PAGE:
4. “It’s pretty clear which party has a better record on standing up for Israel’s security—the GOP” What an incredible statement and unjustified assumption, that is unquestionably used as evidence for the rest of the piece. One could write books about this statement. As a whole, both the Republican and Democratic parties are incredibly pro-Israel. I’m not going to argue which side is better, other than to note that no substantive peace progress has been made since Clinton in 2000.

    One could also write books about what it means to be pro-Israel. For example, I’m sure the ZOA and J Street-two organizations which consider themselves pro-Israel– would disagree. Some would argue that Bush and Condi Rice weren’t pro-Israel for pushing for a misdirected “Road Map” that wouldn’t lead anywhere without greater pressure on Arab leaders. When was the last time Bush (or Obama for that matter) acknowledged the sacrifices of the Jewish Gaza residents, who were forced to give up their homes and livelihoods in the name of peace, and without asking anything in return from the Palestinians who created a Hamas-stan in Gaza? Being pro-Israel should be and is a bi-partisan issue. By acting like only conservatives can be pro-Israel, they risk making the issue partisan.

    5. You write: “School choice offers opportunities to Jewish day schoolers and their families throughout the country.”

    Again, a big issue- Very briefly: I’m not sure what your exact point is here. Public funding for religious schools is clearly prohibited by the constitution.

    6. You write: “Advocacy of the free market system is a defense of what has allowed Jews to thrive as never before.”

    Who says Democrats are not in favor of a free market? Business regulation happens on a continuum from low to high. There is good regulation and bad regulation, and it’s definitely arguable which is which. Regulated markets can be free and can level the playing field for all participants. However Democrats are not monolithic on this issue.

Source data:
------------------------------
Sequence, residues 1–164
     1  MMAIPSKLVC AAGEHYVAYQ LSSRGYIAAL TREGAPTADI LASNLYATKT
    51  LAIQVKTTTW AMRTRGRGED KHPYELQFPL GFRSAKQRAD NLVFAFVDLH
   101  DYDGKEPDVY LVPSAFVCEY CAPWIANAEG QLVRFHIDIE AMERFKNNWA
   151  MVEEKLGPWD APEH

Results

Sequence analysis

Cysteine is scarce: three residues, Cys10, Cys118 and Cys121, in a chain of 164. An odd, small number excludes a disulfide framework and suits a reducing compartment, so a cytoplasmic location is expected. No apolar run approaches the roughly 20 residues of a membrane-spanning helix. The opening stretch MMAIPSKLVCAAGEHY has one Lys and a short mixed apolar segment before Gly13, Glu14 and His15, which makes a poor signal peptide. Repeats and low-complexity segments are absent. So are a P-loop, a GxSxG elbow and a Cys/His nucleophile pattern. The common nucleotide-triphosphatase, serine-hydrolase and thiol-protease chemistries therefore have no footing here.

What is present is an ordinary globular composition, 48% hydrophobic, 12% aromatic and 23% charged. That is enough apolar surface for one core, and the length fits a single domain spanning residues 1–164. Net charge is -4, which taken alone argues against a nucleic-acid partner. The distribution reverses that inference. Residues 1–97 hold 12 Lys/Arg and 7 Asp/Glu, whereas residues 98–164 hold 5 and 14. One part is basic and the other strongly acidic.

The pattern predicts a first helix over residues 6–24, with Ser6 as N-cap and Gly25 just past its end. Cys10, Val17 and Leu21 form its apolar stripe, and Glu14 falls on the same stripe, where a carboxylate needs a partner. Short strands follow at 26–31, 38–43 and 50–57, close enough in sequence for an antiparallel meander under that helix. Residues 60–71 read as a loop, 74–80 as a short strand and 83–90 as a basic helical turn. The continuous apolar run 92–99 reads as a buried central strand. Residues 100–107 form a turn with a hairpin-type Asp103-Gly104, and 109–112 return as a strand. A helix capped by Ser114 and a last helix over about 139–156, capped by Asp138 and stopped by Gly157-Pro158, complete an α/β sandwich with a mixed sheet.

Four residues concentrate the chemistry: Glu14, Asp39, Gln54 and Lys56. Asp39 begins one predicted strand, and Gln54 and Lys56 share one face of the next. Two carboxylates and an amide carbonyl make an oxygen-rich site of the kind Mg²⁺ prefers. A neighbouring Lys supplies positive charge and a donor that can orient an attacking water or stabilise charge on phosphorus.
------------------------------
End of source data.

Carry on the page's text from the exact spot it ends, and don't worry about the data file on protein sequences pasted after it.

7. You write: “And the GOP’s defense of religious belief creates an atmosphere in which Jews can feel comfortable with public expressions of their faith.”

    The Democratic Party does not defend religious beliefs and create an atmosphere in which Jews can feel comfortable with public expressions of their faith? I must have missed that when I saw the videos of Dreidle Man jumping around in front of the giant Menorah in front of the White House. I also must have missed that when reading about the family that was chased out of the Christine O’Donnell-voting part of Delaware for speaking out against public school-sponsored prayer.

    8. I’ll close with a quote from a recent article by Rabbi Avi Shafran (a life-long Republican):

    So often we seem to feel a need to embrace absolute, take-no-prisoners political opinions; to reject any possibility of ambivalence, much less any admission of ignorance.

    Certitude is proper, even vital, in some areas of life. But in the realm of politics it can be, in fact usually is, an expression of overconfidence or worse.

    Reply
    • Muktza
      Muktza says:

      Nice try, but copies of the constitution are available to virtually anybody with internet connection or the ability to travel to any library in the US. So I recommend A to start reading our founding document before submitting such an intellectually vacant piece. I’m not going to respond to each and every ludicrous item in his/her comment, however, on the issue of the First Amendment, the constitution does not guarantee the separation of church and state; that interpretation came from a KKK pig (who later made it to the Supreme Court, courtesy of Hitler’s ally in his war against the Jews, president fdr) by the name of Hugo Black. Therefore, there is also no constitutional prohibition to publicly fund religious schools, unless you’re a brain dead democRAT who believes every dumb position of the AACLU (Anti American civil liberties union).

      Reply
  2. Steve
    Steve says:

    As a Republican (and conservative) Jew, I dont think Seth made a very convincing argument for why Jews should be (though actually are) conservative. I wont write out a whole long blag post, because I know no one woudl read it. But the main point is that Main Stream Judaism and Conservativism focus around family value, personal reponsibility and strong defense of Israel. Think about what your family beleives in; Good education, having the opportunity to better yourself and become succesful, strong commitment to Israel and global freedoms and the belief that only you can really make yourself to what you want to be. These are all values that the Republican party is based on.

    Reply